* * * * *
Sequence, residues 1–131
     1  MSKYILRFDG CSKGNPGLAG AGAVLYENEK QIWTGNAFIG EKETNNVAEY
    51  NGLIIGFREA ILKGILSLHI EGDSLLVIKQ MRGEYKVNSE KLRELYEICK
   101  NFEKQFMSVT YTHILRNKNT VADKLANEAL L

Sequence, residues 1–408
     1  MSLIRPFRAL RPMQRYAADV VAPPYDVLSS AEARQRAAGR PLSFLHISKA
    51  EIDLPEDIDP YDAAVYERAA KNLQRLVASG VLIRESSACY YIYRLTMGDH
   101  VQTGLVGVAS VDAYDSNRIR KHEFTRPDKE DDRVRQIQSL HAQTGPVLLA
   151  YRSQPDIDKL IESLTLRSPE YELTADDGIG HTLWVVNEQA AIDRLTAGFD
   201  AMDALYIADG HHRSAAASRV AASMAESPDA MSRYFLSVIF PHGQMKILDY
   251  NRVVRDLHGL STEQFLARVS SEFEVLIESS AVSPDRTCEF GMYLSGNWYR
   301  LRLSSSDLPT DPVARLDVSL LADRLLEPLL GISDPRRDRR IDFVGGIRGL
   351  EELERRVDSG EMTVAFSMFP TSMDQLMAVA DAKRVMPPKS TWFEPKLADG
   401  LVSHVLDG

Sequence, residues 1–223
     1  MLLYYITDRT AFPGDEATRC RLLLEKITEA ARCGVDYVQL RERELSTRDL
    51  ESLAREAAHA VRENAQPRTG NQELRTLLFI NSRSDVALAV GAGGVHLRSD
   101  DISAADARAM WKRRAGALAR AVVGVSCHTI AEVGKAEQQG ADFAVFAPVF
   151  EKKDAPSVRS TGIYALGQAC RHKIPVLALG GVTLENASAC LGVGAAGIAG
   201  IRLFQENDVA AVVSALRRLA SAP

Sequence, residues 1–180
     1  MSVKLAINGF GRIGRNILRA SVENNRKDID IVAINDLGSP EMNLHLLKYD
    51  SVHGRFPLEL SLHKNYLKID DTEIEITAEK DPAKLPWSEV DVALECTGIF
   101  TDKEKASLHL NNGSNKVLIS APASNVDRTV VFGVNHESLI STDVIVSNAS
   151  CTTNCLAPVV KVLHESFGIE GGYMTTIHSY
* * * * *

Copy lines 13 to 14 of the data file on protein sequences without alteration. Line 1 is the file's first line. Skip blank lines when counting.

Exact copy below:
   351  EELERRVDSG EMTVAFSMFP TSMDQLMAVA DAKRVMPPKS TWFEPKLADG
   401  LVSHVLDG